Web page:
EU's Juncker in battle to push through top team
The head of the European Union's new executive faced a battle to push through his chosen team on Thursday after parliamentarians savaged France's nominated commissioner and withheld approval for those from Britain and Spain.
Incoming European Commission president Jean-Claude Juncker was forced to defend his appointments following a series of tough confirmation hearings by an increasingly assertive European Parliament.
Pierre Moscovici, named for the key economic affairs role, faced criticism from lawmakers despite a combative performance in which he vowed to stick to EU budgetary rules that he himself breached when he was French finance minister.
Lawmakers meanwhile recalled Britain's financial services commissioner-designate Jonathan Hill for a second hearing, and postponed a vote on whether to approve Spain's energy and climate commissioner Miguel Arias Canete.
Parliament has the power to ask Juncker to drop members of the team or change their portfolios, and they must also give the entire commission their approval in a vote on October 22 for it to start work.
Commission spokeswoman Mina Andreeva told reporters that Juncker was "satisfied" with the performance of the commissioners who had testified so far this week before parliament.
"President-elect Juncker believes all candidates so far have demonstrated their competence and European commitment," she said.
She said that this was "including Mr Canete", who faces allegations of a conflict of interest over oil company shares, and said Hill, who was criticised for lacking knowledge on his brief, gave a "very solid hearing".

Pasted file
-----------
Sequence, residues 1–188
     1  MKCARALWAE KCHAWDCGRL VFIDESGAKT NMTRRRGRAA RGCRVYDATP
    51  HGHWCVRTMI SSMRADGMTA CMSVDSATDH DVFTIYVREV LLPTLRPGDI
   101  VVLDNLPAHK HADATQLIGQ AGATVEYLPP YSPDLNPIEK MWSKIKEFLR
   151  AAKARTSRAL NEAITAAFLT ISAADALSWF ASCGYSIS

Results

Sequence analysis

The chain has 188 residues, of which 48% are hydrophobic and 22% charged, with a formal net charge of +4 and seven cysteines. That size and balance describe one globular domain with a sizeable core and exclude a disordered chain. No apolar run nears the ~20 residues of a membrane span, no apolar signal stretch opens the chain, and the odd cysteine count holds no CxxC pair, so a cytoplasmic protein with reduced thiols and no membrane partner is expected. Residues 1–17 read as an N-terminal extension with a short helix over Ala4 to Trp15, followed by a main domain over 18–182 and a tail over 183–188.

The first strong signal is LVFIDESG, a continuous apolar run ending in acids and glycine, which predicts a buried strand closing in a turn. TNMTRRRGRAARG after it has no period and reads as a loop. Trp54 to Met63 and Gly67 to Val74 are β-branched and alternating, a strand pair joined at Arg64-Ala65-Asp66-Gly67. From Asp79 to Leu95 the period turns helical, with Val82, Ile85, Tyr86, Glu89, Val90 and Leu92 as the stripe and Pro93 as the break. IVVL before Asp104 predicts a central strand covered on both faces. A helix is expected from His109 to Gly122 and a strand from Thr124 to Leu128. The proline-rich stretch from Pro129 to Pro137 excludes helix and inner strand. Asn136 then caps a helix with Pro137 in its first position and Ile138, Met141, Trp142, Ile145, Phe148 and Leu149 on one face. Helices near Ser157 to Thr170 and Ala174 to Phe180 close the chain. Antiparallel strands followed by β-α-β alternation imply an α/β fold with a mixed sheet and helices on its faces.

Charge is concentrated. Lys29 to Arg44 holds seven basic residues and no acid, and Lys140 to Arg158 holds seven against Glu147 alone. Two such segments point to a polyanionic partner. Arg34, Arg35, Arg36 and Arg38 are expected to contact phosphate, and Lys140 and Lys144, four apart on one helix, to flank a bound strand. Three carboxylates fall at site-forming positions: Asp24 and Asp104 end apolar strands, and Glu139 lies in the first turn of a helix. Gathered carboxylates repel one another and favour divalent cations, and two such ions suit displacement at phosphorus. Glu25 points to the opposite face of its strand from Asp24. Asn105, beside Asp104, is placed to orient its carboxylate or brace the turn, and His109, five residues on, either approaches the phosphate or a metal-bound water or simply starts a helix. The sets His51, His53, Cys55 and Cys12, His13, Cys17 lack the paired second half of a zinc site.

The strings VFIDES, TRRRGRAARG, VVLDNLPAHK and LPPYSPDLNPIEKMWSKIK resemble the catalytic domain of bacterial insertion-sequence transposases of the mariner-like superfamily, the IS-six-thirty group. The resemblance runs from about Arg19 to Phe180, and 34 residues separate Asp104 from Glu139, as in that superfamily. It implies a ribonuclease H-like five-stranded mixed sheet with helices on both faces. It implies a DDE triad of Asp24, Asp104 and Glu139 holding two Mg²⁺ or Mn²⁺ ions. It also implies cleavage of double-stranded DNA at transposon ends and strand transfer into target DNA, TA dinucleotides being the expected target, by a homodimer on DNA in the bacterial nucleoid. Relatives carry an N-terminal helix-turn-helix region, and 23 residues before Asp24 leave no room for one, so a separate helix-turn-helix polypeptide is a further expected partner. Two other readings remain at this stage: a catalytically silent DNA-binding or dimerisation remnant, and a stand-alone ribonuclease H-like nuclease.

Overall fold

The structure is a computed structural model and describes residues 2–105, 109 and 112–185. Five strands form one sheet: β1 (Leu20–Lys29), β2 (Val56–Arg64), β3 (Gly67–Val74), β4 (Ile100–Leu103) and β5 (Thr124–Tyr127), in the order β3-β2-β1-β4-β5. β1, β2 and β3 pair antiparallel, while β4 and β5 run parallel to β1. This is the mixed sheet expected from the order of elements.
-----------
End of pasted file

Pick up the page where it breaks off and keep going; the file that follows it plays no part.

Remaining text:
- Moscovici 'hardly credible' -
The hostile reception for the candidates raised the spectre that former Luxembourg prime minister Juncker could be forced into a possible reshuffle of his team.
With 28 commissioners nominated by each of the EU's member states, the Commission is arguably the most powerful institution in Brussels, as it will dictate policy and draft legislation for the next five years on issues ranging from the economy to diplomacy.
But it faces a growing confrontation with parliament, which was elected in a Europe-wide vote in May, and says its voice should be heard to answer the criticisms of an increasingly eurosceptic public that the bloc is undemocratic.
The conservative European People's Party group in parliament said after socialist Moscovici's hearing that he was "hardly credible", adding that he had not even been able to convince his own government to stick to EU budgets.
Britain's Hill meanwhile had appeared to charm lawmakers during his hearing on Wednesday, insisting that he would stay neutral in his role overseeing a portfolio in which London's key financial services industry has such a huge interest.
But on Thursday the chairman of the economic committee, Roberto Gualtieri, said Hill was being recalled due to "concerns about better qualifications" and issues such as capital market unions and financial regulation, despite "broad consensus about the personal quality" of the former head of Britain's House of Lords.
Spain's Canete was also in trouble, with the socialist group in parliament saying they wanted "further clarification on his conflict of interest before any vote".
Canete sold his shares in two oil firms shortly after his nomination to the energy job in September.
He also apologised for alleged sexism after making macho comments towards a female rival at a debate last year.
© 2014 AFP